Carlton County Board: Successful TXT4Life aims to go statewideCarlton County Commissioners hear that TXT4Life has a hearing at the Capitol this week and take action on a number of issues, including flood loans, milfoil in Chub Lake and more.
Carlton County’s TXT4Life program is making an appearance at the state Capitol this week, when legislators take up a bill to implement and fund a statewide text message suicide prevention program. Essentially, the program picks up where suicide prevention phone lines leave off — meeting young people right where they’re at when it comes to today’s electronic communication.
It works. Since January 2012, the number of texts per month has increased six-fold.
“We have about 400 text conversations per month,” Carlton County Health and Human Services director Dave Lee told the Carlton County Board of Commissioners at their meeting Tuesday morning. “The 800 number was getting between eight and 10 calls a month.”
Lee shared an average per month usage report with the commissioners, noting that kids from 46 counties in Minnesota used the service last year, even though it was initiated to serve seven counties, four tribes and four mental health centers in northeastern Minnesota and isn’t advertised elsewhere.
Counties with the highest average usage rate included Itasca (210 users), Carlton (129), Cass (120), Hennepin (101), Koochiching (83), Crow Wing (58) and Lake (53).
“I want Carlton County kids to have access to this service, but you can see that over 100 kids in Hennepin County [home to Minneapolis and surrounding suburbs] use it [every month on average]. And that’s without any outreach there. Kids just share [the information]. There’s such a demand for it.”
When a young person texts the line for help, a professionally trained volunteer answers the text and participates in the ensuing conversation. Many of them are mental health counselors, social workers or school counselors, and all receive 50 hours of specialized training in order to participate in the program. Depending on the nature of the problem, the caller is often encouraged to seek out additional support in their school or community and talk with someone face to face about their issues.
Lee said it is a “kid-driven process,” with students from each school asked to help identify trusted adults within the schools as additional support resources.
The regional initiative was and still is funded by a federal grant. The statewide initiative, Lee explained, is an effort to be proactive about future funding. If the bill is passed by the
Minnesota State Legislature and Gov. Mark Dayton, it would take effect in the next biennium.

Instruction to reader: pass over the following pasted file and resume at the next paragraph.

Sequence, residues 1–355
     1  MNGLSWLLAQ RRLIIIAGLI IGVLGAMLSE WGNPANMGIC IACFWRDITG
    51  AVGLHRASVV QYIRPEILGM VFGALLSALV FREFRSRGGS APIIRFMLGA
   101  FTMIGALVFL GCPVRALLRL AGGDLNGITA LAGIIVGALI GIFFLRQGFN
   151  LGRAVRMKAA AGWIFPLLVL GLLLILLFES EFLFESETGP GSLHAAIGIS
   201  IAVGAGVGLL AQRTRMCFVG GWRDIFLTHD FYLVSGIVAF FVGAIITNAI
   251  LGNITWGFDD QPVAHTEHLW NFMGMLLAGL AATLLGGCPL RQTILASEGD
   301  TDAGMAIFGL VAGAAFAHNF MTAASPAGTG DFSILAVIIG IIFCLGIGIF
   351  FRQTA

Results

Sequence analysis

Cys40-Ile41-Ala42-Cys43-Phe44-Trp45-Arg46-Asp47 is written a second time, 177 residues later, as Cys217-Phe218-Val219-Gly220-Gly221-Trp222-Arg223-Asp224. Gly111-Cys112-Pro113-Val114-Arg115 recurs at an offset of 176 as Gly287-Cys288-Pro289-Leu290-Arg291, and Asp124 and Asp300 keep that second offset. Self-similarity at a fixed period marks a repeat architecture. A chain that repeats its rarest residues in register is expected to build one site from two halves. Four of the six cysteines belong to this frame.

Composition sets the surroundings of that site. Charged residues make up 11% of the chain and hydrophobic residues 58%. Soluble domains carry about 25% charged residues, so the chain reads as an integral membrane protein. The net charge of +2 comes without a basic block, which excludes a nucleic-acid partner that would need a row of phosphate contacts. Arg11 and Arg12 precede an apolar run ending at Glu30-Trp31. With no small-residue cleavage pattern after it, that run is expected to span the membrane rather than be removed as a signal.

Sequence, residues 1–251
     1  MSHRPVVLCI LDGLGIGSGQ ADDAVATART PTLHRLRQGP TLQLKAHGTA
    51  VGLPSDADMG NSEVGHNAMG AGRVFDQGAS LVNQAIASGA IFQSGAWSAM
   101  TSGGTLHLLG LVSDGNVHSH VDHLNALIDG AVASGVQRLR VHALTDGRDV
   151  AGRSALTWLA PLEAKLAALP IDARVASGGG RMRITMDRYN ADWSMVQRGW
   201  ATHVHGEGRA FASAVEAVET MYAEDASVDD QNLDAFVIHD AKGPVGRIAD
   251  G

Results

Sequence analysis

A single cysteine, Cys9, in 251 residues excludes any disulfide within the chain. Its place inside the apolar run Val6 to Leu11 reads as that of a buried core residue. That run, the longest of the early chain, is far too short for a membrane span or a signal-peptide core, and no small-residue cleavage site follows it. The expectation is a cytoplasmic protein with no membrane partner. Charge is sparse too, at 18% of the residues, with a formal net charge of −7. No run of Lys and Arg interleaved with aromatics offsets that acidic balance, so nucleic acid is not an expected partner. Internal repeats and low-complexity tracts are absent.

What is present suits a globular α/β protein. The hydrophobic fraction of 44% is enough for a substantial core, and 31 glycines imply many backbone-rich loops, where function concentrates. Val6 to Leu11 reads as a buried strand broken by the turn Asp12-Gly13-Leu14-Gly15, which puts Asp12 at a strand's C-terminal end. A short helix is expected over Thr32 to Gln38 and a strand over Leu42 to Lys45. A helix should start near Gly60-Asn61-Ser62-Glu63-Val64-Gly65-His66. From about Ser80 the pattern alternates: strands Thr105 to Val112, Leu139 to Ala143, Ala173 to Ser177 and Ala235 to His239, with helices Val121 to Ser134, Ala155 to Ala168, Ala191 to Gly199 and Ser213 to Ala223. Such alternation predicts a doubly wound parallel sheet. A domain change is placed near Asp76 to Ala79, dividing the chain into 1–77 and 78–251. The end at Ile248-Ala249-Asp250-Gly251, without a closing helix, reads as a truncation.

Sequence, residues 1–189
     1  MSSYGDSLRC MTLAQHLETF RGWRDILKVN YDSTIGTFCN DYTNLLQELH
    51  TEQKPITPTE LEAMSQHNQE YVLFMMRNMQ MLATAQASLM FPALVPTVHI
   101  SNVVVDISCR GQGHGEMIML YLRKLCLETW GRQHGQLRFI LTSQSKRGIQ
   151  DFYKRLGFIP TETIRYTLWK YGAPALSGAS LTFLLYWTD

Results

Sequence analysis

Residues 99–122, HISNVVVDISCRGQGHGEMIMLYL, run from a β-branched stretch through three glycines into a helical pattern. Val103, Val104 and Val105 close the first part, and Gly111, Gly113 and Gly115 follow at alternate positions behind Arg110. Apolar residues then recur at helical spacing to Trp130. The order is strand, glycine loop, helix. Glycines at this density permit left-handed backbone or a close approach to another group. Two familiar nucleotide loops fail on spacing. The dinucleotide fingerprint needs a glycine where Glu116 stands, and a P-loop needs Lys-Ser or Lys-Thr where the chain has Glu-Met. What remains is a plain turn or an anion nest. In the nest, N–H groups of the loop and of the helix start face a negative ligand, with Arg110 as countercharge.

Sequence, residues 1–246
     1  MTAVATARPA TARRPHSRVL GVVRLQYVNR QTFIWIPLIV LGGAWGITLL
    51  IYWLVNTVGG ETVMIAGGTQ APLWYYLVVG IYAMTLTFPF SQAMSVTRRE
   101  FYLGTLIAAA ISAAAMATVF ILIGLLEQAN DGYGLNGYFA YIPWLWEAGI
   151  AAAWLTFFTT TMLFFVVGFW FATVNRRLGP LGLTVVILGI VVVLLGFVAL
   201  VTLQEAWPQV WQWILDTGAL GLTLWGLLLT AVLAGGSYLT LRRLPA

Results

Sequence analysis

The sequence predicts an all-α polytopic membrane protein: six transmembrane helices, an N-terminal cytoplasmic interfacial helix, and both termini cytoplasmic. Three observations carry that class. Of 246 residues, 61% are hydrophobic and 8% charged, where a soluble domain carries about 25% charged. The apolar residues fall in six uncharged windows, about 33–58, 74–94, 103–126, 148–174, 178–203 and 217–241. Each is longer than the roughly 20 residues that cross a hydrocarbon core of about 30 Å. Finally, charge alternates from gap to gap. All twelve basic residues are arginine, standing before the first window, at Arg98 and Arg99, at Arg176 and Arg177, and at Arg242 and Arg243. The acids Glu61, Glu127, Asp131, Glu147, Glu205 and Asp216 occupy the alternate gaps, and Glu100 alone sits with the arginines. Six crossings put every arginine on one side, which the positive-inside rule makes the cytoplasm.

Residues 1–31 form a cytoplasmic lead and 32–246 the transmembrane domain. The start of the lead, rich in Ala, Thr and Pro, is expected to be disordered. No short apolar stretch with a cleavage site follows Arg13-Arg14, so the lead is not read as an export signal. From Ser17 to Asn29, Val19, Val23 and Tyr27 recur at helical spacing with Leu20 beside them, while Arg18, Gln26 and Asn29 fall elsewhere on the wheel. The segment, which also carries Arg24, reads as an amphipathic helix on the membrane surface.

In other matters Tuesday, the Board took the following actions:
• Tabled a request to change the pay grade of the Carlton County Public Health and Human Services director.
• Agreed to sign a letter of support for Pioneer Recovery Center to move from Aitkin to Carlton County. Pioneer provides inpatient chemical dependency treatment to women who have trauma in their background.
• Approved an offer for a prospective county engineer candidate.
• Approved Minnesota Investment Fund loans for the following flood-damaged businesses: River Inn in Scanlon, $214,000; Johnson Photography in Thomson, $47,000; Spring Fresh Garden Center in Moose Lake, $13,857 and Lampert Lumber in Moose Lake, $178,000. The loans come from the $1.8 million in state funding set aside for commercial flood victims, explained Pat Oman, county economic development director. The loans are zero percent interest and 50 percent forgivable after 10 years.
• Approved release of a $500 grant to the Chub Lake Association for ongoing efforts to combat the invasive Eurasian watermilfoil plants, which were discovered in the lake near Carlton in 2009. Association President Dave Beal told the commissioners that the group used both chemical and biological controls to treat the 116-acre lake.
“We introduced between 11,000 and 12,000 weevils into the lake last summer [as a biological control],” Beal said. “A survey indicated that we had a 2.6-times reduction in the density of the milfoil by the beach and a seven-times reduction by the bay, both areas where the weevils were used. We think weevils are the way to go.”
However, he noted, the milfoil continues to grow in the lake, particularly on the east shore. And, while the weevils were effective, Beal said the Minnesota Department of Natural Resources wouldn’t allow the group to transfer $4,200 of DNR funds from chemical to biological control.
“The reason was because biological control is not as reliable as chemical in all instances,” he said, noting that the weevils have to be released before the milfoil flowers, something that didn’t happen farther south in Minnesota last year. “They can’t guarantee it will work everywhere.”
The group is also planning to put signage up around the lake and hold an educational inspection in the spring.